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FIT Wave Tank & Stability Analysis of Reef Balls

    Prof. Lee Harris of FIT Stability Results

    340 Kb video clip (AVI) of the wave tank testing. (1-2 minutes @14.4 to load)

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    Wind Tunnel Testing from FIT conducted by graduate student Eric Roehl under direction from Professor Lee Harris.

    Stability Analysis of Reef Ball Artificial Reef Units

    prepared by

    Eric Roehl, Ocean Engineering Graduate Student, and Lee Harris, P.E., Associate Professor of Ocean Engineering
    Division of Marine and Environmental Systems
    Florida Institute of Technology
    Melbourne, Florida 32901

    prepared for

    Reef Ball Development Group LTD. 890 Hill Street, Bradenton, FL 34207 USA

    April 1996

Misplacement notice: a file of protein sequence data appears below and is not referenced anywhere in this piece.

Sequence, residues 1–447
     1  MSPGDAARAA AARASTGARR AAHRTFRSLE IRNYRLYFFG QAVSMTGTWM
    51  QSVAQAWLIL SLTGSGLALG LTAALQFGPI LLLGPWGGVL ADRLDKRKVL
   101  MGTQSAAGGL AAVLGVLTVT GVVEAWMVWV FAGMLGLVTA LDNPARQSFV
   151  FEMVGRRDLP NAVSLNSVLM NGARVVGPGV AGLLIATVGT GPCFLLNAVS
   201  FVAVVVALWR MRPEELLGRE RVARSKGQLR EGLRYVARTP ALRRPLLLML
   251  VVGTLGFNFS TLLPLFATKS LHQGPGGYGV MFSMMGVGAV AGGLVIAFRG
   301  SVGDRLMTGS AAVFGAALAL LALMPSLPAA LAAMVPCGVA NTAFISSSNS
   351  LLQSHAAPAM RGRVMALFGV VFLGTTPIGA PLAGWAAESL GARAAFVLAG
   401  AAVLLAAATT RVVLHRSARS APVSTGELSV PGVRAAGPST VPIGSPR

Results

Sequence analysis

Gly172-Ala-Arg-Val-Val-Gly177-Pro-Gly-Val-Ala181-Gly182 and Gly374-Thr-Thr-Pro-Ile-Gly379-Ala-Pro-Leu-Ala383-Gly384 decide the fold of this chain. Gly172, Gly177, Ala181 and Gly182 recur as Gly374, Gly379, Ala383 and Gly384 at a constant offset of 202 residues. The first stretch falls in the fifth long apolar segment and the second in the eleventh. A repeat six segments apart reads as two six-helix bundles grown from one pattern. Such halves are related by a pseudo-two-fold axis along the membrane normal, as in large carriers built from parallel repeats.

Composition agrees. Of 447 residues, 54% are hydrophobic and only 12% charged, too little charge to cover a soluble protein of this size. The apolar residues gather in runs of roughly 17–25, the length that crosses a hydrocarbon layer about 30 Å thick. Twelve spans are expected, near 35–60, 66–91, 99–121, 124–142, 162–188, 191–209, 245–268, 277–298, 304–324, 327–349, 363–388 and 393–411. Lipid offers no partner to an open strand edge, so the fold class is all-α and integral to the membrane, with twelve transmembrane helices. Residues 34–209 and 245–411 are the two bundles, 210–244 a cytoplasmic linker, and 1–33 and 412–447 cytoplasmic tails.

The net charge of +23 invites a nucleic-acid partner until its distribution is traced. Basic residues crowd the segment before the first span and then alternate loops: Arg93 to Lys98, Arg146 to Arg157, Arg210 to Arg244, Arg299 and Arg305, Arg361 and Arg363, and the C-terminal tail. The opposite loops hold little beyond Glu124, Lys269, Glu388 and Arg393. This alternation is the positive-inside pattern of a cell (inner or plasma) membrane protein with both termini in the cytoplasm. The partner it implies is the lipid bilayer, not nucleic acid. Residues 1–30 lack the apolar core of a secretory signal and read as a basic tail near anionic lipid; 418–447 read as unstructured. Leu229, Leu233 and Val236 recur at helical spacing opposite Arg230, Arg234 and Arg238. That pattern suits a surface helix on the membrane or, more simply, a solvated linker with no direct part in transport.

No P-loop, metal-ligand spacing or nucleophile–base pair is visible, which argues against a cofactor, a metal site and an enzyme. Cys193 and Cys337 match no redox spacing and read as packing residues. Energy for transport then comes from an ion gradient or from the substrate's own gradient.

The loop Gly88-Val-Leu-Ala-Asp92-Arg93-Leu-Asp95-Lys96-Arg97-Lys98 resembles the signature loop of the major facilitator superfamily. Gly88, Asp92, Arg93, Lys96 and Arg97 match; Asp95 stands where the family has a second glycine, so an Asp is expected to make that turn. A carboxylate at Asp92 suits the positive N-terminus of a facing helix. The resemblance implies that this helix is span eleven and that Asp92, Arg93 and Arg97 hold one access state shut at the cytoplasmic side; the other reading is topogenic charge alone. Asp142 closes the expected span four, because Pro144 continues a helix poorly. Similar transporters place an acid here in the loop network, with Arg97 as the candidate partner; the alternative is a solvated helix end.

Table of Contents

    1.0 INTRODUCTION 3
    2.0 METHODOLOGY 4
    2.1 THEORY 4
    2.2 WIND TUNNEL MODEL TESTS 5
    2.3 WAVE TANK MODEL TESTS 7
    3.0 RESULTS 11
    3.1 WIND TUNNEL TEST RESULTS 11
    3.2 WAVE TANK TEST RESULTS 12
    3.3 WAVE TANK STABILITY ANALYSIS CORRELATION 12
    4.0 CONCLUSIONS AND RECOMMENDATIONS 15
    5.0 TECHNICAL REFERENCES16
    APPENDIX STABILITY ANALYSIS GRAPHS 17

    1.0 INTRODUCTION

    Creating an artificial reef has become a popular method of disposing of unwanted items which would take up valuable space in landfills. Recently, there has been a movement to design artificial reef modules rather than just dumping waste products into the ocean. These modules come in a wide variety of sizes and shapes, many using items such as old concrete pipes and excess concrete from construction sites. Each is designed around the idea of creating habitat for fish as well as promoting coral growth. Manufactured artificial reefs are being used both to replace damaged or destroyed natural reefs and to create new reefs.